Oregon Football Live

How Oregon transfers, former signees fared in Week 0

Tracking how former Oregon Ducks players and signees performed during Week 0 of the 2022 season:

Trey Benson, RB Florida State: 11 carries for 105 yards and a touchdown in a 47-7 win over Duquesne


Mycah Pittman, WR Florida State: 4 catches for 44 yards and a 7-yard punt return in a 47-7 win over Duquesne

Daewood Davis, WR WKU: 6 catches for 124 yards and a touchdown and 1 carry for 15 yards in a 38-27 win over Austin Peay

Kahlef Hailassie, DB WKU: 6 tackles with a sack and pass breakup in a 38-27 win over Austin Peay

Jayvaun Wilson, RB UNLV: 1 carry for 7 yards in 62-21 win over Idaho State

Cross Patton, RB Nevada: 2 carries for 6 yards in 23-12 win over New Mexico State

Spencer Curtis, WR Nevada: 1 catch for 8 yards in 23-12 win over New Mexico State

Cooper Schults, TE Nevada: 1 catch for 6 yards in 23-12 win over New Mexico State

Kai Aneson, OL Nevada: Played on offensive line that blocked for offense that gained 257 yards on 68 plays in 23-12 win over New Mexico State

Louie Cresto, DE Nevada: 1 tackle in 23-12 win over New Mexico State

Five bold, and perhaps misguided, predictions about Oregon State and its upcoming 2022 football season:

1. This is Oregon State’s best defense in a decade

Oregon State hasn’t finished among the Pac-12′s top six in defense since 2014, and top three since 2012. That changes in 2022, as the Beavers are among the conference’s top half in total defense. There is talent and experience throughout the defensive roster. The return of John McCartan, addition of Andrew Chatfield and improvement of Cory Stover significantly upgrades OSU’s pass rush. The secondary is terrific (more on that below). Inside linebacker Omar Speights has a chance at first-team all-conference honors, and Easton Mascarenas-Arnold is emerging. All that appears to be missing is a dominant defensive tackle. Which is a big deal. But the Beavers are good enough up front to hold their own. The move to promote Trent Bray to defensive coordinator, while not fully tested on game day, seems to fit the personnel. OSU will be good enough against the run, and better against the pass. What upgrades this defense are takeaways. If the Beavers can average two takeaways a game, a winning record is on the horizon.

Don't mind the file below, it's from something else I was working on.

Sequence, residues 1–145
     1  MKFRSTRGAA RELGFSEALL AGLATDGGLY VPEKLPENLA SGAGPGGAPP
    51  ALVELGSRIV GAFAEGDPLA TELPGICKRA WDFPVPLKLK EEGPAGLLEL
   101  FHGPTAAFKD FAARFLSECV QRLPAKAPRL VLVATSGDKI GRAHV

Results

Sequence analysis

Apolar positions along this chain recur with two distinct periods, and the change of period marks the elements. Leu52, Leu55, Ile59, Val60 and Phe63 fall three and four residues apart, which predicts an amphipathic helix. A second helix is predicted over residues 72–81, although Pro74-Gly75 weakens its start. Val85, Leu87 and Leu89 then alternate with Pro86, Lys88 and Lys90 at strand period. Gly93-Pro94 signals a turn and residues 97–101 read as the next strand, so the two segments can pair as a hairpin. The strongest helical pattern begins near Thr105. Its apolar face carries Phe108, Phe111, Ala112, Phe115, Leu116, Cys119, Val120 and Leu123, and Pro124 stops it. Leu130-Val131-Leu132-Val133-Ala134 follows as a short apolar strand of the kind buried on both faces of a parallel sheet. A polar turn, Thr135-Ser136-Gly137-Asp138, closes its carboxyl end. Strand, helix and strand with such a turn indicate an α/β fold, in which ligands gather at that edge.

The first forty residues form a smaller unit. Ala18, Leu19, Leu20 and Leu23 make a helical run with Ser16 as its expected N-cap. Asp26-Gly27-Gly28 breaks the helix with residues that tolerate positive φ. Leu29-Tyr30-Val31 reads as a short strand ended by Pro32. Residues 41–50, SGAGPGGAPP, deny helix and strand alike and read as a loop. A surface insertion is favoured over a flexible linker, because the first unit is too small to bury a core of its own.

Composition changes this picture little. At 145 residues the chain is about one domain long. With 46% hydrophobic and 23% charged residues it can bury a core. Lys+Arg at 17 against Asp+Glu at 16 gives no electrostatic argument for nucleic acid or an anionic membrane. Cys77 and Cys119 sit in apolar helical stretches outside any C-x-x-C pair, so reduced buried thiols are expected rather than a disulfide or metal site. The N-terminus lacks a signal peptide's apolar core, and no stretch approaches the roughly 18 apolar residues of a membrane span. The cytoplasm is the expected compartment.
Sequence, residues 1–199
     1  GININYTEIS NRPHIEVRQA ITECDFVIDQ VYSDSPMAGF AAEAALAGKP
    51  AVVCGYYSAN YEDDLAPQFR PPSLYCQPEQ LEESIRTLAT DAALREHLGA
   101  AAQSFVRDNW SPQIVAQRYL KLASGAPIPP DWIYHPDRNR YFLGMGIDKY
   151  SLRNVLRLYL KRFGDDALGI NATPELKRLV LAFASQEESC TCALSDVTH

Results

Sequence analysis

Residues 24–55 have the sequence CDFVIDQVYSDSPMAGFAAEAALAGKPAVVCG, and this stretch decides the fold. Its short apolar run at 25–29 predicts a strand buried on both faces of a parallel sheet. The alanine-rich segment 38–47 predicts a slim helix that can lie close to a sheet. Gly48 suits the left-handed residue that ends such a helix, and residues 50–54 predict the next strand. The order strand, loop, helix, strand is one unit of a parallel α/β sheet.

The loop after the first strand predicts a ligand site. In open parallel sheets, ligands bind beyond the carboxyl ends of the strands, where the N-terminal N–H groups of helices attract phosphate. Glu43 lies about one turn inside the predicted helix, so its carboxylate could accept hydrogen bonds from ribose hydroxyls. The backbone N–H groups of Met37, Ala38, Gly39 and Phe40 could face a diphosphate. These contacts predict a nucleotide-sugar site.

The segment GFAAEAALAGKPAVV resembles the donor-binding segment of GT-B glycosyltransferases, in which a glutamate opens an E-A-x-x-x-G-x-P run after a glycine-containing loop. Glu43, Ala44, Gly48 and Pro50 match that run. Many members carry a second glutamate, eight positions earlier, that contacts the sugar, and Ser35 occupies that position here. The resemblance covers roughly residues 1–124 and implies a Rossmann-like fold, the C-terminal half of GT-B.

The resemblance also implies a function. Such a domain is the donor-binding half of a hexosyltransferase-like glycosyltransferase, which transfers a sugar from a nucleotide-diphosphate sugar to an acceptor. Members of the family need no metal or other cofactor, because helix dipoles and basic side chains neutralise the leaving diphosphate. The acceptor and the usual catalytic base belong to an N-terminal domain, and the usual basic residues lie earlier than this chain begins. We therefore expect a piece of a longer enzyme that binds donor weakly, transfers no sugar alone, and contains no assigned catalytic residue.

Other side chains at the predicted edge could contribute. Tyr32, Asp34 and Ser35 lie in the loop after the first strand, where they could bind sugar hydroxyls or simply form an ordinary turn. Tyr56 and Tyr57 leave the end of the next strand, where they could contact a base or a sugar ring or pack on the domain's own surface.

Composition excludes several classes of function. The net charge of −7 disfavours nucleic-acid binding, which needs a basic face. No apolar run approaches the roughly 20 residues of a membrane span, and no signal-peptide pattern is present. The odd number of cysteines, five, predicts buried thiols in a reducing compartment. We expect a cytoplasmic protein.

2. Secondary will be as good as any in the Pac-12

This isn’t all that bold, really. Many preseason lists rank OSU’s defensive backs among the top three in the Pac-12. Still, given what we’ve seen over the past half dozen years from Oregon State’s secondary, it feels bold to see it in print. But to be the best, the Beavers must surpass Utah. The Utes have two preseason all-conference first team picks in Clark Phillips III and Cole Bishop. The Beavers are in the conversation, as I believe they have four DBs capable of landing on the all-conference team at season’s end in cornerbacks Rejzohn Wright and Alex Austin, and safeties Jaydon Grant and Alton Julian. What impressed me during OSU’s preseason camp was the ability of many defensive backs to cover and defend passes without grabbing the receiver. It’s a group that can make a big difference this season if a) they improve takeaway numbers, and b) get a little help from the pass rush.

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